Ok guys and gals, I have another great saltwater fish for you! Ever since I got into the saltwater side of fish-keeping, I always wanted three things in my aquarium. First, I wanted the tube coral, Tubastrea faulkneri aka the Orange Sun Coral, that I wrote about in the coral journal. Secondly, I wanted a triggerfish but that’s another story. Finally, the charming and active Green Mandarin, has literally haunted my imagination, ever since I saw one of these guys hopping about the sand in a local fish store display tank with its’ incredible beauty!
The Green Mandarin (Synchiropus splendidus) is also known as the Mandarin Goby, Striped Mandarinfish, and Mandarin Dragonet. The Green Mandarin looks somewhat like a goby or blenny, yet is not a goby at all, but is from the dragonet family (Callionymidae). A dragonet is a small fish that has two separate dorsal fins. The mandarinfish is best described as a maze of blue and orange over a green backdrop. There are vivid yellow spots near the head. I have also seen a very rare variation with red as the main coloration. Males can be distinguished by their elongated dorsal spine. The Green Mandarin of the Perciforme (=perch-like) Order, uses his fan-like pelvic fins for walking or hopping on the sandy bottom.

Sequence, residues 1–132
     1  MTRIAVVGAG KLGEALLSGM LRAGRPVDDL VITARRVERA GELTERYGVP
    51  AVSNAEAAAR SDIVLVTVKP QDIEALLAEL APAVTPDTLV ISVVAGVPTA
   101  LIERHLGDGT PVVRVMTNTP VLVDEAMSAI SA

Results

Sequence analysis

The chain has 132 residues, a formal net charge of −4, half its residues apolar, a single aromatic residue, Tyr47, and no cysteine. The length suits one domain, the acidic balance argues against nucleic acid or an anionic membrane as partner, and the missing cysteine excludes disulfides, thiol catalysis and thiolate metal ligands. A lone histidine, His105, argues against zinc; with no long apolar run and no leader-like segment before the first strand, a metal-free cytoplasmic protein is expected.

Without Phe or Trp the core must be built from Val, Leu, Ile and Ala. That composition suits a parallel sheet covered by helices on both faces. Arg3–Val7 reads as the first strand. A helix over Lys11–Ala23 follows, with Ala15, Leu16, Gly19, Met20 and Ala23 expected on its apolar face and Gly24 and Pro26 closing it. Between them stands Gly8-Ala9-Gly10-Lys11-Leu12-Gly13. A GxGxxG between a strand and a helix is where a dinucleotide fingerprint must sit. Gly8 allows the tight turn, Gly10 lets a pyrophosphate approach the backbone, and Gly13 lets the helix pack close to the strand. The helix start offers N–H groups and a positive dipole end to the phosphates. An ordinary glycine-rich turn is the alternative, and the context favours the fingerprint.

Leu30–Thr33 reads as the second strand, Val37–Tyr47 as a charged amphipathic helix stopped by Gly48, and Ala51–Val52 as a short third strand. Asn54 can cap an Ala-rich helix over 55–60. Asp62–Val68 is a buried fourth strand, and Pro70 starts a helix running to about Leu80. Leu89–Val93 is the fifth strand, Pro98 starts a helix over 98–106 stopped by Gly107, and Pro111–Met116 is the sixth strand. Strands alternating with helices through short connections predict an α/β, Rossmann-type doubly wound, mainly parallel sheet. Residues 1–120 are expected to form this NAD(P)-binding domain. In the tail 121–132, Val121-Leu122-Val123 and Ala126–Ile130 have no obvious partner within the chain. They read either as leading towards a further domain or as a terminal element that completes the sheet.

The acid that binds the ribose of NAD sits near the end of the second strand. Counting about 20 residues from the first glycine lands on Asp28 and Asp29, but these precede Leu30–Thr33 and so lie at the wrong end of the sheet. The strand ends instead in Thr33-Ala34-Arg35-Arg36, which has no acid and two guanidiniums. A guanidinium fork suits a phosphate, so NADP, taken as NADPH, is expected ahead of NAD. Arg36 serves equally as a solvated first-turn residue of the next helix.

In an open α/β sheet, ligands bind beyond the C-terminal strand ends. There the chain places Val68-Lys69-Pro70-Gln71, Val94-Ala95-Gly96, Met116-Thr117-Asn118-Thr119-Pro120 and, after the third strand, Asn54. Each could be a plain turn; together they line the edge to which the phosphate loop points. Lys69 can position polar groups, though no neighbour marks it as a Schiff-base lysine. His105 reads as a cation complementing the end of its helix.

The Green Mandarin is considered to be a moderate to difficult fish to keep. It does require a very specific diet of small crustaceans (pods), and should only be kept in a well established tank (>6 months), with a good refugium and lots of rockwork. It is suggested that there should be a minimum of between 40 to 80 lbs of live rock per fish. Some fish may be taught to eat prepared foods, and this seems to be more common in tank raised ones. They may eat brine shrimp or blackworms.
Although the mandarin stays a small fish, it should be kept in at least a 30 gallon tank due to its’ need of extensive rockwork. Usually, you can find them in the trade ranging from 1 inch and up. They generally grow to be about 5 inches in captivity. The Green Mandarin prefers a temperature of 72-78°F (22-25.5°C), sg 1.020-1.025, pH 8.1-8.4 and dKH 8-12.
The mandarin can be kept with larger fish. It has a defense mechanism of secreting a poisonous mucus, but this doesn’t mean that it should be kept with aggressive tankmates. Much like gobies, they are intolerant of others from their own species, but can be kept in mated pairs. These fish are egg-scatterers and they are considered to be easy to breed. These fish should not be kept with other fish or invertebrates that may deplete the pod population, since this is their staple diet.
In the wild, the Green Mandarin is found in the western Indo-Pacific; Indonesia, the Philippines, Australia and New Guinea. They are found on sandy, silty bottoms of protected lagoons, and are often found hopping about the sandy bottom of their aquarium, happy as can be, hunting for the day’s meal!